Pilot Reviews The Mayor

The Mayor 1×01 – Pilot

"You have nothing to lose tonight except your street cred, your dignity, and your self-respect. Small stuff."

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I love a pilot that’s makes me laugh right from the get-go. The Mayor is a confident and breezy production; it introduces its narrative and each of its characters with such smoothness, that you’d be fooled into thinking the show’s been around for decades.

But really it’s the starmaking performance at its center that makes The Mayor such a worthwhile watch. Brandon Micheal Hall is just incredible as the new mayor of Fort Grey and wannabe rapper Courtney Rose. His charisma pops off the screen from the very first frame, and his chemistry with his mother (played by the superb Yvette Nicole Brown) is off the charts. You immediately latch on to their heartwarming dynamic, and it’s easy to see how she’ll play his moral compass going forward. It also helps that Dina’s so darn witty and sarcastic.

This crackling little comedy also benefits from a really uplifting tone. Sure Courtney becomes mayor far too easily (and there’s shades of Trump with everyone saying he’s not even qualified to run), but there’s a lesson to be learned here as he strives to do the right thing and realizes that his needs are secondary to those of his constituents. If only the real world could follow suit.

Mayoral Quips

Dina: If you want to get discovered, just do it the old-fashioned way by waiting for a nice old Jewish man to give you his business card.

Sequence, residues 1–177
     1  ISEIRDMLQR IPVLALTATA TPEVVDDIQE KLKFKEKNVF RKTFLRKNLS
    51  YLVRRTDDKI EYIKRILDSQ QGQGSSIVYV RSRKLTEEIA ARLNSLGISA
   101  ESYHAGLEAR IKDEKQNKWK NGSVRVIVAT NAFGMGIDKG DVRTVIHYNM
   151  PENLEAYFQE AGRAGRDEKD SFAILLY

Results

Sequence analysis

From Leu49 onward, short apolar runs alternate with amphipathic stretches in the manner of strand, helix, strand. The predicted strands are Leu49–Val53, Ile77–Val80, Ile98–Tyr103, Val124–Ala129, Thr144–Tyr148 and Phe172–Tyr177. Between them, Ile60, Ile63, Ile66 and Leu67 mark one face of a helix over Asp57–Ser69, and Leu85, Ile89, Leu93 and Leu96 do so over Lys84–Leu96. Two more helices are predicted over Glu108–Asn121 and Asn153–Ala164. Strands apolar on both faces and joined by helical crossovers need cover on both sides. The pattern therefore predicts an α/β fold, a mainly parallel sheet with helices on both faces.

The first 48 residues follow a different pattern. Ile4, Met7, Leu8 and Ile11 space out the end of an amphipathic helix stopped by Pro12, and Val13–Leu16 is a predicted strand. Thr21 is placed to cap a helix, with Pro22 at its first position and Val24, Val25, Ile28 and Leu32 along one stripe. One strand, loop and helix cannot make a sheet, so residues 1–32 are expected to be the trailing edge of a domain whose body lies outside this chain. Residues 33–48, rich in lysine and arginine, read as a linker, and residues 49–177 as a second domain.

Courtney: Or people see my name in the news, they look at my music, the labels start circling. I’m like, “Guys, guys, it’s too much too fast.” You know, just to be dramatic. And next thing you know, me and Taylor Swift are doing a Super Bowl performance that red and blue states can enjoy.
Dina: Lord, thank you for making him cute, because, otherwise, we’d be in big trouble.

Courtney: You know what? It’s really dope that we’re roommates.
It’s like we’re fam but also like we’re fam. It’s like you my mama, but at the same time, – it’s like you my ma.

Kid: You’re a rapper? Like Eminem, Macklemore, – and Iggy Azalea?
Courtney: Hmm. Yeah, yeah, yeah, that list is hella problematic, but, yes, I am a rapper.

Jermaine: I wonder if I should cut off my non-famous friends. I mean, like, I-I’ll miss ’em, but it’s like what do we even talk about, you know?

Courtney: I mean, there is so much trash, Google Maps has it listed as a mountain. You know what I’m saying? Like, a saw a rat riding a toboggan down one of them things the other day. It’s so much trash, Bravo gave it a second season.

Senator: Which is why I pledge that, by 2020, all that trash will be gone.
Courtney: And by “gone,” he means underneath the new trash from 2018 and 2019.

Val: Look, Courtney, I’ve been around a lot of politicians, and you have something special.
Courtney: Yeah, what’s that?
Val: Me.

Dina: (to the crown) Is he a bundle from heaven or what? Thank you for helping us at City Commons, but there’s still work to do, so I need you to pick up trash and not just get trashed.

Jermaine: We were just worried about you, man, and and angry with you.
It was very complicated. I mean, this rich emotional stew.

Conclusion
A hopeful and feel-good comedy with sharp dialogue and stellar performances.

Nad Rating
A

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